Ellen Johnson Sirleaf: Moving into a new order in the new year

By: Lindsay Barrett/

sirleaf-300x206Liberia’s long and painful journey back from the brink of destruction imposed by war and political mismanagement will take on new significance in 2017 as Africa’s first elected woman President Mrs. Ellen Johnson Sirleaf prepares to stand down and hand over to a new leader at the end of her second tenure.

Although she is a septuagenarian (she will turn 79 next October) and can arguably be said to have completed a long political career at the pinnacle of power she has so far shown no inclination to simply disappear into the mists of history. She is believed to be working actively to support her Vice President Hon. Joseph Nyuma Boakai to succeed her as President as well as to strengthen the role of women in the affairs of her nation. In spite of this many observers say that rather than manipulating a transition she is creating the circumstances for a truly competitive contest for leadership that will reflect the genuine wishes of the people.

As a consequence some Liberian political operatives claim that she is not actually supporting her Vice-President but focusing on the creation of a new order of political control as the core objective of her legacy. Over the eleven years of her Presidency so far she has had to face down many critical challenges, the most notorious being the outbreak of the Ebola epidemic in 2014. In addition to this Liberia’s economic fortunes have been battered by adverse global circumstances.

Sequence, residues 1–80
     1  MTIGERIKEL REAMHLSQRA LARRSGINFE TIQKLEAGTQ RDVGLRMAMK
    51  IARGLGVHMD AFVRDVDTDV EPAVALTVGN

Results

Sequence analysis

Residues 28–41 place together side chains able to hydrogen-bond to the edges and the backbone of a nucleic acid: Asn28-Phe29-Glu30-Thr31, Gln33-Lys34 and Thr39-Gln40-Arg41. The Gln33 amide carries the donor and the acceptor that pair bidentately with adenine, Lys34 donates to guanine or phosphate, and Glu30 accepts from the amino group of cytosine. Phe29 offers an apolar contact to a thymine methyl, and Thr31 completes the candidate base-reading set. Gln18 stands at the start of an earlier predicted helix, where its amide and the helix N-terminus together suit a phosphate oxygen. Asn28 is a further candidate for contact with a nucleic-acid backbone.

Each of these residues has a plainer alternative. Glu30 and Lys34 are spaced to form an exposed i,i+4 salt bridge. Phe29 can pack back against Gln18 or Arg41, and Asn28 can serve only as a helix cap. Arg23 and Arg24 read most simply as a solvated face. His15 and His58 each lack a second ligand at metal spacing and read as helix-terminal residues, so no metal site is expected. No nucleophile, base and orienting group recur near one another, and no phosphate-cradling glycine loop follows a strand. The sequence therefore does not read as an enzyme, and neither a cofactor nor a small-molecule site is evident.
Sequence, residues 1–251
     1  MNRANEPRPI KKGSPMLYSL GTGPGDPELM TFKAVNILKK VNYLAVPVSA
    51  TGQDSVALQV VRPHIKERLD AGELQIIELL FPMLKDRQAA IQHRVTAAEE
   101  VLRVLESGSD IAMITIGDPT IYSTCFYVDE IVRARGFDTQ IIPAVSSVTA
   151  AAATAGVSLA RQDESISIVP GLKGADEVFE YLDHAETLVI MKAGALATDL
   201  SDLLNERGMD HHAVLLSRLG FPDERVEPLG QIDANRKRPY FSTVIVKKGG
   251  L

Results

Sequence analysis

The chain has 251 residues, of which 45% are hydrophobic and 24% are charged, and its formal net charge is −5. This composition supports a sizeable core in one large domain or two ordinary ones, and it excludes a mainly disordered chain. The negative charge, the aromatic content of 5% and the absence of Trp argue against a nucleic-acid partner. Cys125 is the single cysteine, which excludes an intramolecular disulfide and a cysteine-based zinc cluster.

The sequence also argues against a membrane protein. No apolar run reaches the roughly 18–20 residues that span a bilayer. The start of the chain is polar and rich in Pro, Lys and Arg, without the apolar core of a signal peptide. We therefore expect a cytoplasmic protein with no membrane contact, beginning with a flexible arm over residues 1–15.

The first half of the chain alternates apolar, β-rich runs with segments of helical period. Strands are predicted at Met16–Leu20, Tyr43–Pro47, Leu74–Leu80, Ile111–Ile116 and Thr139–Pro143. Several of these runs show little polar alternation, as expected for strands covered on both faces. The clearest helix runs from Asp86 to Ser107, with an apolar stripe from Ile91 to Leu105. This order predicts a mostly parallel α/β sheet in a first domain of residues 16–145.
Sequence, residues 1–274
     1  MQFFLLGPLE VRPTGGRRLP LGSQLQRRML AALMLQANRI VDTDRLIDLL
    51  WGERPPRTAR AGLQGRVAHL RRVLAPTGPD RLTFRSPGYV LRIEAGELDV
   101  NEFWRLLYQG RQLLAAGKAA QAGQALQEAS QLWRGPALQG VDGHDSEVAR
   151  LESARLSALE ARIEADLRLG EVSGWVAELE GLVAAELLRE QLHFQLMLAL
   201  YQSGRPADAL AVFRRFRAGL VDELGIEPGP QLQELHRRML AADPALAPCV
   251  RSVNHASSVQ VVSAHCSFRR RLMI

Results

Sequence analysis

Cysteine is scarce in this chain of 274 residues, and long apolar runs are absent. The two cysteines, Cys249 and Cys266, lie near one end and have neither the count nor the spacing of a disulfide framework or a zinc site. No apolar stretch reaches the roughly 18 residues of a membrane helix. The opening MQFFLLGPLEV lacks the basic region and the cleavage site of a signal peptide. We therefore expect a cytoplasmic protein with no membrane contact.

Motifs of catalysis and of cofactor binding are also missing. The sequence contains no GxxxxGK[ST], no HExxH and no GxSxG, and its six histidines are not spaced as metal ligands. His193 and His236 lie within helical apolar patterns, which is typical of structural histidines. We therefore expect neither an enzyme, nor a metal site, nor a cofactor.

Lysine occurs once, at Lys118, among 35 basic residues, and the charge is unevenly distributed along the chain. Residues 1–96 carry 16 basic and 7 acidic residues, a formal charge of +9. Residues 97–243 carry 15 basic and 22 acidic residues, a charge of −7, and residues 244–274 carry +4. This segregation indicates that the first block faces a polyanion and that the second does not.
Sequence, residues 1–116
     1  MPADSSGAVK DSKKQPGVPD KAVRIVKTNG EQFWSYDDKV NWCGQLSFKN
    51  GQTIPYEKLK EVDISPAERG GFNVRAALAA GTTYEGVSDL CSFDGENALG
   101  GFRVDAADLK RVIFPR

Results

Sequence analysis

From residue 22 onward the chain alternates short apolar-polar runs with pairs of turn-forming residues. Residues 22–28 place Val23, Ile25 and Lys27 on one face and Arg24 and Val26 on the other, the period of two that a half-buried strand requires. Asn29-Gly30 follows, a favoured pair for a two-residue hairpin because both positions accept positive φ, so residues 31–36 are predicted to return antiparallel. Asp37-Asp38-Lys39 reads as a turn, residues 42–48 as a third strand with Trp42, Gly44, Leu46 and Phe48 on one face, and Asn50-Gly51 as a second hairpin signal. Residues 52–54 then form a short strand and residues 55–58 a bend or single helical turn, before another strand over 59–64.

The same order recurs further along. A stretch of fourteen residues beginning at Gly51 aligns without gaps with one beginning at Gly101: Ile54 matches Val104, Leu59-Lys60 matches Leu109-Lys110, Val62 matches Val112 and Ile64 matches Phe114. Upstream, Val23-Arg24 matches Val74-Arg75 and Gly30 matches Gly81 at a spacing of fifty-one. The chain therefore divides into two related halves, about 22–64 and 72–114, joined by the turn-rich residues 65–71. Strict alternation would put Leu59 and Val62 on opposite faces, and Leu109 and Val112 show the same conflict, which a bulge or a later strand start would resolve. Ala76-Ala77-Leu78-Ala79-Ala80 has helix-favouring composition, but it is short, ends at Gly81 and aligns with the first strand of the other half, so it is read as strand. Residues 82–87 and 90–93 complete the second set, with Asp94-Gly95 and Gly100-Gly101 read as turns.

The major mineral resource on which a substantial proportion of its foreign-currency revenue depends is iron ore. President Johnson Sirleaf has worked hard to ensure that the country’s negotiations with foreign investors in the mining sector will enhance benefits accruing to the national economy from the exploitation of the nation’s prolific iron ore deposits. Even though global prices for the resource have suffered a down-turn in recent years she has insisted that Liberian exploitation must reflect the nation’s expectations and desire for growth and rehabilitation.

The iconic American business magazine Forbes has adjudged her success in this wise to be surprisingly positive. It has suggested that a major legacy of her tenure in office will be the fact that she has enabled the effective and credible revival of that industry. Mrs. Johnson Sirleaf’s experience as an international civil servant, and her credibility as an advocate of the rights of the under-privileged in Liberian society in her younger days have combined to add resonance to her role as a regional leader.

She is now the Chairman of the Authority of Heads of State of the ECOWAS Commission for 2016, with her tenure ending in March next year. In this largely ceremonial position she has still managed to give the impression that she is working for the masses of the people of the wider community. Her commitment to a free and fair electoral process in her own country has been reflected in her encouragement of the principles of freedom of speech and respect for human rights throughout the West African region. In the meantime closer to home many Liberians hail her for her definitive and principled stand on building lasting democratic institutions after a divisive civil war and several decades of political delinquency.